Human Body DIY

Human Body DIY

I've found the human body pretty amazing ever since uni days. It's something I've always wanted to teach my children, and now I've been given the chance to, Alhamdulillah. So I made my boys a felt human body so they can learn and explore with. It turned out to be the size of my toddler! I can just see us having so much fun with this. We will begin our Human body lessons straight after learning about our 5 senses.

DIY Felt Human Body 

What You Need:

Templates (Purchase HERE)
'No Sew' Tape (Iron On)
Fabric Scissors
Brown Sewing Thread
Wool Felt Pieces:
  • Base Layer (I used cream) 66 cm x 90 cm
  • Body Layer (I used brown) 42 cm x 90 cm (Body template measures 34 cm x 71 cm)
  • A4 Pieces or smaller scraps for the organs (Light blue, Dark Pink, Light Pink, Maroon, Dark Green, Cream, )
  • x3 A4 Stiffened Pieces for the skeleton (White)

(Before you begin, please have the template printed without a border.) 

How to Make:

1. Cut and trace the body template onto the brown felt, then cut.

2. Thread your needle and tie a knot. Hand sew the body in the centre of the base felt piece, (this took me a few hours!). I used the whipstitch method (where the needle is passed in and out of the fabric in a spiral motion).

*Image taken from

3.  Trace the skeleton template onto the stiffened felt pieces and cut. 

4. For the organs: trace the templates onto the A4 felt pieces. Please refer to the Organ template for the appropriate colours.

5. Use the 'no sew' tape and iron to stick the pieces together. Organs should end up looking like this (see below).   I've added some instructions for a few organs below. 

For the lungs: Place a long strip of tape in between the tracheas, then iron. 

Place the trachea in the centre of the 2 lung lobes. Add a little 'no sew' tape under the right and left side of the trachea. Cover the remaining lobes with 'no sew' tape and place the other 2 lung lobes on top and iron on.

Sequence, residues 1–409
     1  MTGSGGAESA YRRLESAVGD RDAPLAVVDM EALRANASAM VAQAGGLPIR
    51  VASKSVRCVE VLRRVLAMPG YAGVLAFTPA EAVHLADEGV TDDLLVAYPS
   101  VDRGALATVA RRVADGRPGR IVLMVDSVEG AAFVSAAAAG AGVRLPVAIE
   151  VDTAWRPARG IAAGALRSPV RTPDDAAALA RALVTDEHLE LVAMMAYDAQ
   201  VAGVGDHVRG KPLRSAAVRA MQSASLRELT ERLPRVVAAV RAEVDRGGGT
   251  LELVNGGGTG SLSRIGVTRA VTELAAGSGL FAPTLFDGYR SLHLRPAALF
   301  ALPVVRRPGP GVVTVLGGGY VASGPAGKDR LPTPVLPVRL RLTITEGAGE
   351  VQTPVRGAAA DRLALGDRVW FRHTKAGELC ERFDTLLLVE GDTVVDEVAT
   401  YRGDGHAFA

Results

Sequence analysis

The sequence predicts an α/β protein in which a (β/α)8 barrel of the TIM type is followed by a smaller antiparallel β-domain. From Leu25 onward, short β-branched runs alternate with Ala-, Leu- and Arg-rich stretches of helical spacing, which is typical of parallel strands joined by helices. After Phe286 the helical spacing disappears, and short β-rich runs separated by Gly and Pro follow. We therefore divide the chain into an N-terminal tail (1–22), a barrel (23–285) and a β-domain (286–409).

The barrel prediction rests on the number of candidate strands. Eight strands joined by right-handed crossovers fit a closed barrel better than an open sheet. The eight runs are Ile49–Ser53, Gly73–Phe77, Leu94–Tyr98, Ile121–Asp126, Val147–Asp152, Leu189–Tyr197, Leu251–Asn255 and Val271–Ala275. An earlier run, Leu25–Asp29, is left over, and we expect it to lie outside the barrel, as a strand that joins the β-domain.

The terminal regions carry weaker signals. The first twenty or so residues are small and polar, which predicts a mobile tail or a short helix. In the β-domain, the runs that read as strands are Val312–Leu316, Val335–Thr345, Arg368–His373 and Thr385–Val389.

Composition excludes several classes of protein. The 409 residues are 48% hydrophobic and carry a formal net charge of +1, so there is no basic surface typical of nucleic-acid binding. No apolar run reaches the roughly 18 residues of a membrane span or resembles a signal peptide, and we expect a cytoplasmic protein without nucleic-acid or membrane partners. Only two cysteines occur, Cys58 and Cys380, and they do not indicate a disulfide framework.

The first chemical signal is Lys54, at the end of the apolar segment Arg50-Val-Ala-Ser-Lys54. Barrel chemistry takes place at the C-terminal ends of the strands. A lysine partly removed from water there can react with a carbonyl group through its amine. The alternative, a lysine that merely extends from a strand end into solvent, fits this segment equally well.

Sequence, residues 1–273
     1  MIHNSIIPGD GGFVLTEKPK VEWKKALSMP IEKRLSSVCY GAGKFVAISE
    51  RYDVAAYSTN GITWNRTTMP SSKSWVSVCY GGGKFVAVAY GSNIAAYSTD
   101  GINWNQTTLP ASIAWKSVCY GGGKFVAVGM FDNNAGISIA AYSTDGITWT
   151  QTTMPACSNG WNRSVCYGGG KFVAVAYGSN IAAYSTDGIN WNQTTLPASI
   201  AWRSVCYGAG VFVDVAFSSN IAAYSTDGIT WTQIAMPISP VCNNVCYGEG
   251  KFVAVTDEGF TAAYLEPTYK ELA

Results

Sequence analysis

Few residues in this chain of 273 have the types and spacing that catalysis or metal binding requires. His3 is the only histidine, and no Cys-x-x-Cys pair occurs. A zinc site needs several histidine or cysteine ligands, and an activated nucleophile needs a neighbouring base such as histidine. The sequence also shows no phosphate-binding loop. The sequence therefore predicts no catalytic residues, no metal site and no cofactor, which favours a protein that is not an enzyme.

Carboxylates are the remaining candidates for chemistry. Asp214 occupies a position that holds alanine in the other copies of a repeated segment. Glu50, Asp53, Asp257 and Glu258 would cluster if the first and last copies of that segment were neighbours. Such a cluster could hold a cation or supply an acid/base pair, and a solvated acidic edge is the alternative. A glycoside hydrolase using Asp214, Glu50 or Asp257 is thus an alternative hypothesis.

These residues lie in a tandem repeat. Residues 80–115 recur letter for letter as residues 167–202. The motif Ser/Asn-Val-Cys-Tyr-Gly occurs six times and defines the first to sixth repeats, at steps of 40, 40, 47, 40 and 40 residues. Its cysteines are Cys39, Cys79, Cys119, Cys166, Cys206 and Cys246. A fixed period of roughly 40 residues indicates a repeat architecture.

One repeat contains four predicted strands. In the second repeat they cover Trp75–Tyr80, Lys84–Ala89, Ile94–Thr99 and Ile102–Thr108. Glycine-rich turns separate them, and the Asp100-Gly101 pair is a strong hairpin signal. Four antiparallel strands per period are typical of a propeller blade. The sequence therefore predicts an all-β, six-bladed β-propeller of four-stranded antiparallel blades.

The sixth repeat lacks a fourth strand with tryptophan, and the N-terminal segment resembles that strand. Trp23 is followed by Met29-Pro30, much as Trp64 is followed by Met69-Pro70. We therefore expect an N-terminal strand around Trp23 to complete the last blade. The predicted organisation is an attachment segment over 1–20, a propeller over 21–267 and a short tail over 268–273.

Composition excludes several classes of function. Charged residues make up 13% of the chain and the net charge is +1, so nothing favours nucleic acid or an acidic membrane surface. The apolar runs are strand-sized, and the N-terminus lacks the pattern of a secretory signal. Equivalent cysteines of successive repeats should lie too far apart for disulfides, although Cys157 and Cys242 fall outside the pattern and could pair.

For the Brain:  Place 'no sew' tape all over the white base. Iron on the 2 hemispheres, brain stem and cerebellum. Then for each individual 'groove' on top of the brain you'll need to cut really thin strips of tape, then iron.  

For the Kidneys:  I've attached all the urinary system organs as one for future Body System work  Feel free to separate them.

For the stomach I've included the oesophagus.  If you do not want to include this just cut it, leaving at least 1 cm from the stomach. 

I'll probably hand stitch around the edges of each organ later on.

The base also works out to be a mat! I also plan to stitch a back cover when I have time to. For now it'll be rolled up and placed on the shelf ready for play!

Nomenclature Cards (referred to as 3-Part Cards)

3-Part Cards were created by Maria Montessori to teach children the proper names for objects around them. I've just written a blog post about ways to use and present them HERE. We made our 3 Part Cards bilingual (English and Arabic) and they're available to purchase (scroll to the end).

Here are some other ways to use them with the felt pieces:

For children aged 2.3+,  a matching game will help them identify organs. You can use the Montessori 3 Period Lesson to assist. 


For children aged 3-6 matching the images is ideal. If they've started phonics and reading,  they can start matching the label too.

For children who know how to read phonics.. try adding a few image  and label cards on a mat for them to match up. You can have the matching card nearby for them to cross check and correct.

I'm so happy with the way it turned out!  I really can't wait for them to start. If I have enough time, I'll make a part 2 blog about how we used it, otherwise it can be found here @brb_raisingkids.

We love seeing your little ones use our learning resources. If you choose to share your images or lessons on social media please tag us @brb_raisingkids or leave a review/comment below.

Zed + Q

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